Before this week the only silent movie I'd seen was a non-restored cut of Fritz Lang's Metropolis. After seeing three more films, here are some general impressions I've made about silent films:
1) for complicated stories title cards are necessary to understand the plot (Frankenstein and Dr Jekyll); for simplistic plots they're unnecessary (Le Voyage Dans La Lune)
2) once you've read the title card, grand gestures by the actors get other aspects of the film across
3) music really makes a difference (two of the films I saw were completely silent, one - Frankenstein - had an added soundtrack. The music increased the tension by marking when the monster appeared and reducing tension for the scenes with Frankenstein's sweetheart.
4) they tended to be quite short and so had to distill the essence of the stories, removing character development *
Now on to more specific observations about the films themselves.
Producer: Thomas Edison, 1910
IMDB listing, view it online at Archive.org
Victor Frankenstein creates a monster that then haunts him and threatens his sweetheart.
Frankenstein (at least the version I saw) is a black and white film with some tinted images. Yellow tints were used for scenes with the monster, a light purple for scenes with Frankenstein's lady love and blue when the creature attacks. Even if you know the story, you'll need the title cards to understand what's happening. The creation of the monster is done very differently from both the book and later films (a slowly built up skeleton standing in a cauldron). The monster itself looks different (seen above) and causes much less damage to Frankenstein.
The mood is very tense during the creation scene and again when the monster visits Frankenstein at his home. There's no development of the creature, no intelligence such as it shows in the novel. In fact, the film sort of ends with no resolution.
Still, it's only 16 minutes, and worth a look if you're interested in film history or monster movies.
Director: Georges Melies, 1902
IMDB listing, view on Archive.org (b&w untinted version)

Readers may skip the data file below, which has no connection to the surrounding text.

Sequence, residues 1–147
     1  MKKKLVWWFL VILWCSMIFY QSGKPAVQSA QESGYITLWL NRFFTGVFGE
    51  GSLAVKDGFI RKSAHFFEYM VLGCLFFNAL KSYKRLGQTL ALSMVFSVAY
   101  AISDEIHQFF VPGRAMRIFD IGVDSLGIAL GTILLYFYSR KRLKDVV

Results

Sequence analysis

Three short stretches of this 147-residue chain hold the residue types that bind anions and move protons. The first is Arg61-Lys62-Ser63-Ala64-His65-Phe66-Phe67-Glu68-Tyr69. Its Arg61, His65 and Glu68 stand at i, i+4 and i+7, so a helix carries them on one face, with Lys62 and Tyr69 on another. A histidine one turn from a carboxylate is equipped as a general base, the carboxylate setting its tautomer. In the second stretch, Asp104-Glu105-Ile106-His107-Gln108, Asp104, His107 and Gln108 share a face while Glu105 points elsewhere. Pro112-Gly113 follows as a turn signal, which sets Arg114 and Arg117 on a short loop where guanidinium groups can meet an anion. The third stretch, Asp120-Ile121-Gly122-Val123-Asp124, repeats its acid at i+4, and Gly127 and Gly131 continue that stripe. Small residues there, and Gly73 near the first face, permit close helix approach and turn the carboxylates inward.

A group of men make a rocket and travel to the moon, fight the creatures living there, and return home.
Originator of one of the most iconic images in science fiction film history, the movie itself is short (14 minutes), and yet at the same time, too long. As it uses no title cards everything must be explained via gestures - and the movie really drives its point, having each scene drag on longer than necessary. The moon people are men wearing bird style masks and crab claws and look pretty cheesy, but the woman in the moon is a nice set design.
Interesting only as a curiosity, it certainly shows why moving pictures captured the imagination but isn't that interesting to watch. Perhaps a soundtrack (played in theatres but missing here) would have improved it?
Director: Herbert Brenon, 1913
IMDB listing, view on Archive.org
Kind Dr. Jekyll tests a solution that transforms him to the deformed and malicious Mr. Hyde.
By far the longest of these three picks, Dr. Jekyll clocks in at a whopping 26 minutes. This allows it to do what the other two films didn't have time for - add character. To Hyde that is. Jekyll isn't given much time, just a scene (and card) to show he does charity work. From then on, the actor is mostly Hyde, who does horrible things that Jekyll must pay for (generally with money).
The plot actually develops well and the transformation between Jekyll and Hyde is well done and frankly scary (the actor, King Baggot, stoops and changes his mannerisms, rather than using make-up). There's also more subtlety with the acting. It's all still wide gestures, but you can better see the despair in Jekyll as he realizes Hyde is taking over as well as Hyde's joy in wanton destruction.
Of the three films here, I'd recommend this one the most.
* This holds true for the three films reviewed here and other early silent films, but later silent films were feature length, like Nosferatu.